Published by OneSwitch.org.uk Tuesday, 30 July 2013 10:23 pm.
After finding the top picture whilst researching for my ever-so-slow book, and knowing it to be the work of game controller accessibility pioneer Ken Yankelevitz (see the video above 1min 26 in), I was curious to know if the unloved set-up still exists. I would love to get hold of it.
Thanks to "Moonsweeper" on the AtariAge forums, I've got the name of the "FingerTip Controllers" and a tip to trawl through early US video gaming magazine "Electronic Games". This proved easy to do thanks to a brilliant archive at Digital Press. From October 1982 onwards I tracked down adverts for Ken's controllers and a fascinating historic article from Diane Yankelevitz in the February 1983 edition.
Published by OneSwitch.org.uk Friday, 19 July 2013 10:34 pm.
I'm getting the impression that Sony's grasp of the needs of disabled players remains non-existent. Each Playstation generation sees additional complexity added to their controllers (see the video above and imagine how someone with Cerebral Palsy might get on with it). This is disabling an ever widening net of people who have alternative access needs. The controllers would be fine, if there was a push to offer support for simpler control schemes. There isn't.
Interestingly, Mark Cerny (author of classic track-ball game Marble Madness and key PS4 system master-mind) recently spoke enthusiastically of a giant PS4 controller being used to get across the barriers typically faced by young players who could not reach the shoulder buttons. This was handed to the developers of "Knack" which aims to be Sony's "on-ramp [game] to the world of console gaming". Is this how far we've travelled? Atari worked that out in 1983 with their Kids Controller. If this is how far accessibility has progressed at a console developer level, then I truly shake my head in despair. Pitiful. What about all the disabled players out there, Sony?
Published by OneSwitch.org.uk Friday, 12 July 2013 9:53 am.
The video above is a glimpse of some of the research and development game accessibility work I'm doing at the moment for SpecialEffect.
When I first got my hands on the build your own controller Makey Makey kit, I was disappointed to find that it wouldn't connect to an Xbox 360 or PS3 via any adapters I had to hand. With the brilliant Cronus Device and a PC, it will. This enables custom very light pressure controls to be used in a wide variety of ways.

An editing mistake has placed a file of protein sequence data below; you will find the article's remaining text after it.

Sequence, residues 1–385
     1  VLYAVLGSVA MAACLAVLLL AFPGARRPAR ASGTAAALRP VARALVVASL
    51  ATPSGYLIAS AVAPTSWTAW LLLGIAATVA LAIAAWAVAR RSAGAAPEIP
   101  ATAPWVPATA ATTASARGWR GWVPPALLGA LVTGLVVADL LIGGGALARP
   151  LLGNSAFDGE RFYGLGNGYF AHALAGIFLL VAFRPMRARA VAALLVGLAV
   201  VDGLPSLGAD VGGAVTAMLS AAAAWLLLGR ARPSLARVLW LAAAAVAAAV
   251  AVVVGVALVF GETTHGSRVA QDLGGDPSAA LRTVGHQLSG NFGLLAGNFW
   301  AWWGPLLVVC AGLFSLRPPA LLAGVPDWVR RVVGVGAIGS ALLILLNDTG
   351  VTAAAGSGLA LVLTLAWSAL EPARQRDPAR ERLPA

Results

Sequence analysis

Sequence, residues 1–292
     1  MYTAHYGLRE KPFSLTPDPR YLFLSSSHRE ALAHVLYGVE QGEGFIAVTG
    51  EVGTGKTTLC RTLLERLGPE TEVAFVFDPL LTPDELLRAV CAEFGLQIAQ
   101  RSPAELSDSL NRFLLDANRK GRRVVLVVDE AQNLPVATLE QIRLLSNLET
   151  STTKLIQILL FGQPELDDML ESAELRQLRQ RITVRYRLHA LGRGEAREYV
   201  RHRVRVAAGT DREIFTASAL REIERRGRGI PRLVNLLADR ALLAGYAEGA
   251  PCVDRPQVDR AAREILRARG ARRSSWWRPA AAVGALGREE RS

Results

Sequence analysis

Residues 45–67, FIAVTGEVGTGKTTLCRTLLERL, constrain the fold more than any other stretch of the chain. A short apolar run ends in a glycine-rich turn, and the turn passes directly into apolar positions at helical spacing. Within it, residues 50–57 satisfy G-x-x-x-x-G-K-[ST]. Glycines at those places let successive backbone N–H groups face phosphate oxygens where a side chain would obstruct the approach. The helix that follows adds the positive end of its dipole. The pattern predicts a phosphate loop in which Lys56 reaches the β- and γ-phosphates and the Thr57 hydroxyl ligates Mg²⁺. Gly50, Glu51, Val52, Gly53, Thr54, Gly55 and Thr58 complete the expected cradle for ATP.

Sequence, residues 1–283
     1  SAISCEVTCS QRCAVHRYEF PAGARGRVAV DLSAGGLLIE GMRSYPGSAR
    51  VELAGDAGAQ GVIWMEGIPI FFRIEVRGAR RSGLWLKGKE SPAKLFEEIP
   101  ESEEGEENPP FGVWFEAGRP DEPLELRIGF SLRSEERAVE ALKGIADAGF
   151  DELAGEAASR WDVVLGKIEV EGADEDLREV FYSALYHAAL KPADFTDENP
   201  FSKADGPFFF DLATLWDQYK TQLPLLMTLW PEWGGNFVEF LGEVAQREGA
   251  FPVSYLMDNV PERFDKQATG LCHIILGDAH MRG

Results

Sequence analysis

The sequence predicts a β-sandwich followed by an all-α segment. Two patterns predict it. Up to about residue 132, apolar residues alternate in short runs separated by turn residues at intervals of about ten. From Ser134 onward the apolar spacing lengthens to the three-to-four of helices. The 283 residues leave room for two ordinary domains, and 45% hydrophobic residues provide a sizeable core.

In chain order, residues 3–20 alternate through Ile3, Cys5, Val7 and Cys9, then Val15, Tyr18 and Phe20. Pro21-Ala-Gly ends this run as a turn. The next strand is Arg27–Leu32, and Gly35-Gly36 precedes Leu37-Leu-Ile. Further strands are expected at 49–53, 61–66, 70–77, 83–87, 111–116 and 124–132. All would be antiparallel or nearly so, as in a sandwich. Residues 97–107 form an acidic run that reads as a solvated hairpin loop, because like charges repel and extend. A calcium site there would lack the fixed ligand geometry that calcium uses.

Quick D.I.Y. Help: 1. Link your PS3 and PC using the Cronus Device and supplied Cronus cable. 2. Start the Bullseye software. 3. Download, import then start this "Test: MM Pinball" profile. 4. Connect one control to the SPACE BAR or LEFT-CLICK for flippers etc. and the other control if needed to "W" for nudging.
The Tattoolan YouTube clip above shows how to make a Do It Yourself (DIY) Tattoo foot pedal. Interesting to see that on eBay there are hundreds of these from China starting from £1.89 delivered.
These will work great as accessibility switches with modern switch accessible toys, gadgets and computers, so long as you use an adapter (search for "6.35 socket to 3.5mm plug mono adapter") or you cut the plug off and fit your own 3.5mm plug. You could also just cut the ends off and screw the exposed wire into a MakeyMakey or the likes of an Ultimarc i-Pac or A-Pac (A-Pac for the easiest and greatest power using JoyToKey where you can latch controls, switch profiles and more). Use a Cronus Device and use these on a PS3 or Xbox 360. More to follow on this.
This inflatable R2D2 is another switch accessible toy added to the OneSwitch shop. You can use one-switch to spin, making a great cause and effect device. Add another to go forward up to total of four switches for maximum control...
This R2 unit is a bit spin-happy, whereby if you press spin, he won't stop the instant you release the button/switch. This makes controlling him quite fun if a little unpredictable, which I think was probably deliberate as it gives him a bit of R2 personality (i.e. a mind of its own).
Labels: switch toys